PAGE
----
Great Falls Public Library’s Partisan Political Agenda?

Opinion by Jeni Dodd

I grew up experiencing a local library as an enchanting place to discover literature, gather
information and explore ideas. A place for informing and educating but also a place
where parents could be assured that their children were safe in that exploration —
physically, mentally and spiritually.

I’ve since learned that although a local library may appear on the outside to be the same
one you spent time in as a child, you can’t judge a book by its cover.

Now that we have instant access to books, magazines and other material online from the
comfort of our homes, libraries appear to be struggling for relevance. So libraries are
branching out and sadly, becoming biased, agenda-pushing institutions.

The Great Falls Public Library is no exception to this push toward woke agendas. The
latest examples were on display at the January 23 library board meeting. One agenda
item proposed by Library Director Suzie McIntyre, was a change to the library’s Code of
Ethics, adding the following language from the American Library Association.

We affirm the inherent dignity and rights of every person. We work to recognize and
dismantle systemic and individual biases; to confront inequity and oppression; to
enhance diversity and inclusion; and to advance racial and social justice in our libraries,
communities, profession, and associations through awareness, advocacy, education,
collaboration, services, and allocation of resources and spaces.


I don’t have a problem with that first sentence. But the rest sounds like a political agenda
commercial for the progressive left. The library board passed the addition by a 4-1 vote.
The Great Falls Public Library is a governmental division of the City of Great Falls and
sponsored by our tax dollars. As such it is subject to the provisions of Montana Code
Annotated Title 49, Chapter 3, Part 2 Duties of Government Agencies, Governmental
Services.

MCA 49-3-205 states:
49-3-205. Governmental services. (1) All services of every state or local governmental
agency must be performed without discrimination based upon race, color, religion, creed,
political ideas, sex, age, marital status, physical or mental disability, or national origin.
(2) A state or local facility may not be used in the furtherance of any discriminatory
practice, nor may a state or local governmental agency become a party to an
agreement, arrangement, or plan that has the effect of sanctioning discriminatory
practices
(Emphasis added).

Dismantling systemic biases certainly sounds like a political agenda to me. Who decides
what defines systemic bias? The library director? The City of Great Falls? The American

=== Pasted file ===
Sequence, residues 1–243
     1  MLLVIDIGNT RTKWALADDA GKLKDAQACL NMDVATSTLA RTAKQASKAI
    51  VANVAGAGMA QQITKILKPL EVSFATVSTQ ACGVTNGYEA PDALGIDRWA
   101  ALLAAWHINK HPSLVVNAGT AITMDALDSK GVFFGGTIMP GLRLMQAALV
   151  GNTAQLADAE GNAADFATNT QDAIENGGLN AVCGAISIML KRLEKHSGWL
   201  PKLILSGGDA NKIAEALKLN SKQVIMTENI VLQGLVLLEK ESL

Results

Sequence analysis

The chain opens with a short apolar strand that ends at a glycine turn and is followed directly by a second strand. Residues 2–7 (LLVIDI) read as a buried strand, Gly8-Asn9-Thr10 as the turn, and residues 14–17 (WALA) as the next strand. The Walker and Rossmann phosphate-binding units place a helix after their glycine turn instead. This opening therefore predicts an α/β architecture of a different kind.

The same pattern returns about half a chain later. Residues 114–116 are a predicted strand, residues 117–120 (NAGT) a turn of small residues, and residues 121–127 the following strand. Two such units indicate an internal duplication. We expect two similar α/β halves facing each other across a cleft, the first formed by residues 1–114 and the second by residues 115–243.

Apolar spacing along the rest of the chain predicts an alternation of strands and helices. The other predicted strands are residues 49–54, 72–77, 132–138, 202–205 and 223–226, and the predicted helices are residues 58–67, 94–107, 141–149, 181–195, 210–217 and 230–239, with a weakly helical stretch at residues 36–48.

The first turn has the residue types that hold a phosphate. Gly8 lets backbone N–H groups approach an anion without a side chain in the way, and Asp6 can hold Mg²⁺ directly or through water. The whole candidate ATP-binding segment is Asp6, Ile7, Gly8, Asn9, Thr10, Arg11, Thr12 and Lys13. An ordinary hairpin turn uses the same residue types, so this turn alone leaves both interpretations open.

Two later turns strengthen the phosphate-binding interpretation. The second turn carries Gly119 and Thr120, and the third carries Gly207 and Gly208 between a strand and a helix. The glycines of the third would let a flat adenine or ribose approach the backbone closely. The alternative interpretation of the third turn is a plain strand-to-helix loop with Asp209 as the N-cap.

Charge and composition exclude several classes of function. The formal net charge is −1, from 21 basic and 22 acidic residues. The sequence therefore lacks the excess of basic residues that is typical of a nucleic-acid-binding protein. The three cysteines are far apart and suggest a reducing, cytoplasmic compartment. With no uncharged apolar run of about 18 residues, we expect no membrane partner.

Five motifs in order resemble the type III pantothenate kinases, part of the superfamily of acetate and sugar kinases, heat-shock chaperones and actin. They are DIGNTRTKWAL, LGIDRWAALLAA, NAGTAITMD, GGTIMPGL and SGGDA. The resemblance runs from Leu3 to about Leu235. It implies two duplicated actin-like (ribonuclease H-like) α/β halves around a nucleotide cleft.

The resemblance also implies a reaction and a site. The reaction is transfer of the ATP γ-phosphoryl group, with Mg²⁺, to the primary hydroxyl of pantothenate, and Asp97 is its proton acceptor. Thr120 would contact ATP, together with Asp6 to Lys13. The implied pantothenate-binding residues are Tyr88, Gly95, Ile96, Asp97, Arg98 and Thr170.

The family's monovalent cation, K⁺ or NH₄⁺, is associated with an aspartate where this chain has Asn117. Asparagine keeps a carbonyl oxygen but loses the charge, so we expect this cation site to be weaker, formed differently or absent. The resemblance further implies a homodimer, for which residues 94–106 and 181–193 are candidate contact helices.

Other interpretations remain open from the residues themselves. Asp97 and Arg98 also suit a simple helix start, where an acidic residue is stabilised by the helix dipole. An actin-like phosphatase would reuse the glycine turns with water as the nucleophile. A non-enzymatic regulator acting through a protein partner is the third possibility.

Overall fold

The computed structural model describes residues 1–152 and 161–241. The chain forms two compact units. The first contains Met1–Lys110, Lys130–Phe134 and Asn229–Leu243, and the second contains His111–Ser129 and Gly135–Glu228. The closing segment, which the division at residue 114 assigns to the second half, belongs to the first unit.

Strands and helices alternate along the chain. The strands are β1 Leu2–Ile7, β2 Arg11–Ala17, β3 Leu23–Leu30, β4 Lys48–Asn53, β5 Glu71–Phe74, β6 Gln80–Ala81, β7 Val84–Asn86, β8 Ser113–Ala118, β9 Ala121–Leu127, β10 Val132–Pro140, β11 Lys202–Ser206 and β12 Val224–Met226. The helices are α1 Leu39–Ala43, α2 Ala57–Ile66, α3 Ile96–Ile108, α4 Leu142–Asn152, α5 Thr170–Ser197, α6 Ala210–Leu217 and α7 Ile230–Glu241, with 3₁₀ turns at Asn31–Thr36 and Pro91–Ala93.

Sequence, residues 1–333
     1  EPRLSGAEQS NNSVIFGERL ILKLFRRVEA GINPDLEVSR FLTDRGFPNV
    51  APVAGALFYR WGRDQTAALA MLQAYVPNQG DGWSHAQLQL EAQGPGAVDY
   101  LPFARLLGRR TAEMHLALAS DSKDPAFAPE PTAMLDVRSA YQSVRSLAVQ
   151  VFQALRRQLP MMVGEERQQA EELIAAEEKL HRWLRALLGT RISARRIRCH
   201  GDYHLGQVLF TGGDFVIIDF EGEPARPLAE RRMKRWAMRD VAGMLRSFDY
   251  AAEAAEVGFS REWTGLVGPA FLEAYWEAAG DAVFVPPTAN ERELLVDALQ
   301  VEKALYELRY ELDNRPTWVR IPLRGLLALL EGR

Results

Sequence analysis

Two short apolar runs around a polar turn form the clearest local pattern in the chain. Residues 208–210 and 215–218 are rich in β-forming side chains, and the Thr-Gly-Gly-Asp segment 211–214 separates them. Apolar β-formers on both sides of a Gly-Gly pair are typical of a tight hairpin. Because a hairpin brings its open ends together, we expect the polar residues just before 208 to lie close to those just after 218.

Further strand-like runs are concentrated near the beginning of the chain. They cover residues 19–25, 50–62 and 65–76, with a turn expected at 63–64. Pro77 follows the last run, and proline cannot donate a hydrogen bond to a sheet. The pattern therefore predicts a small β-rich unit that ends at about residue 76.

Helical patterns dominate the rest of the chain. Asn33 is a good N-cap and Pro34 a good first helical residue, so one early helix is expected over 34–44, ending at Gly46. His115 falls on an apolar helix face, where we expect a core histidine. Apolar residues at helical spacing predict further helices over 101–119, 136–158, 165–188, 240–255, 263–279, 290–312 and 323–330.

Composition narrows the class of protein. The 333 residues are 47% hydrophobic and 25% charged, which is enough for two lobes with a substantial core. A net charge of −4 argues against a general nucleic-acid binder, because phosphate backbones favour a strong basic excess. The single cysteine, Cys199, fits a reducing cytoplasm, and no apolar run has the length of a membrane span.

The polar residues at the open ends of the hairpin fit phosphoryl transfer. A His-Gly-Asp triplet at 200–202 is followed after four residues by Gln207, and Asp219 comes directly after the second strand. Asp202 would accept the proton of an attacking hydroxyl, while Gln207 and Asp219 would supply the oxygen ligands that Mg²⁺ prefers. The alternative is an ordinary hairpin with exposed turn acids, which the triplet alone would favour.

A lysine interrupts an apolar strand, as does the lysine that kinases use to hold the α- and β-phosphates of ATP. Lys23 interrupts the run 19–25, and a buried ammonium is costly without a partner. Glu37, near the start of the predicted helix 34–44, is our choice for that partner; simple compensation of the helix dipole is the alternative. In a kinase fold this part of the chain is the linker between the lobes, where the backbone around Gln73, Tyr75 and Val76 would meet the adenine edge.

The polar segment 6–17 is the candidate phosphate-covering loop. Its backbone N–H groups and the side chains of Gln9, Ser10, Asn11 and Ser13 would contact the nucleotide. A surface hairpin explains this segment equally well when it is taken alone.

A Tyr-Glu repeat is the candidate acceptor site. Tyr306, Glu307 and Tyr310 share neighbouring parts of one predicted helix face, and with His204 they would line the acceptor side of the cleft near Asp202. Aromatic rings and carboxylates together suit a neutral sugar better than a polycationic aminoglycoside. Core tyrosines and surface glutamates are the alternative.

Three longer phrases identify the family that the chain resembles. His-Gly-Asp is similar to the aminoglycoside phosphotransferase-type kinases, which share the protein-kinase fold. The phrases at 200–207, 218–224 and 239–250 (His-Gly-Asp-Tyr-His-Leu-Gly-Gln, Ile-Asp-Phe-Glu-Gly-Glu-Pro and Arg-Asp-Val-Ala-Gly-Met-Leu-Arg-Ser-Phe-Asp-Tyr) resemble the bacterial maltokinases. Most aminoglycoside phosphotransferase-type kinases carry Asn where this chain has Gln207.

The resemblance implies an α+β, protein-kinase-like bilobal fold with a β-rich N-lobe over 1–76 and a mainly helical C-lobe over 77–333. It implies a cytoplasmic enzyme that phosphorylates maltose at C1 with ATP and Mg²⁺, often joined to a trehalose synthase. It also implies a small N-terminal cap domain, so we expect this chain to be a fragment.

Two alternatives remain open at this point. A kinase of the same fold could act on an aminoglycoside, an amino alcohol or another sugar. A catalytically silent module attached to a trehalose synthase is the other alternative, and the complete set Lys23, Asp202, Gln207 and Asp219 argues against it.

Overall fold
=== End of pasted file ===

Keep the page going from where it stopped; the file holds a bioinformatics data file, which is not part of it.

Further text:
Library Association? The library is also positioning itself to be the arbiter in defining
what is meant by inequity, oppression and diversity.

Will it be considered “oppressive” to not use someone’s pronouns of choice? Will
compelled speech by a government entity like the library, acting dictatorially, become
standard procedure?

The purposed changes to the Library Code of Ethics shows the library wishes to sanction
and promote political ideologies, an apparent violation of the above MCA statute.

Agendas are also introduced through library programing. One of the commenters at the
library board meeting mentioned a recent speaker who presented a Palestinian
perspective behind the long standing Israeli–Palestinian conflict. He asked the board
when the library would invite a speaker to present the opposite viewpoint on the conflict.
Library Director McIntyre answered that the speaker was originally from Great Falls.
Who knows why she thinks that matters? She went on the claim that she “couldn’t find
anyone” to speak on the opposite viewpoint, which I find preposterous. How hard did she
look, really?

Seems to me the library must either provide a public forum for any and all political views
or must refrain entirely from providing a forum for any political views.

But these examples aren’t the library’s first foray into woke world. We’ve also seen it
with Drag Queen Story Hour, which was posted online on the library’s YouTube kid’s
channel.



Despite Library Director McIntyre’s claim at a city commission meeting and other
meetings that the library “did not have Drag Queen Story Hour,” the fact is that one of
the “queens” in the video thanked the Great Falls Public Library for having them read for
the library. It seems to me that McIntyre was deceptive through her semantics in
answering the city commission and public’s questions about it.

Men dressed as women reading to children? Does anyone really believe that mockery of
women is an educational or informational activity?

Of course, the library gave no consideration to drags’ anti-female origins — from ancient
Greece where women weren’t allow on stage, so men dressed as women for female roles;
to white men dressed as females in blackface mocking black women; how that all became
the precursor to Drag; on to the present Drag Queen Story Hour and how it depicts
derisive characterizations of women, or worse, a goal to sexualize children.

More telling is that I haven’t seen the Great Falls Public Library celebrate Women’s
History Month during McIntyre’s tenure as library director. Why not? Perhaps honoring
historic females is out of the question if you believe there are as many genders as ice
cream flavors at Baskin-Robbins.

Despite McIntyre’s claim in an email to me that, “The Library is committed to being open
and transparent,”
I’m constantly finding transparency, accountability and truth lacking
from the library director and board.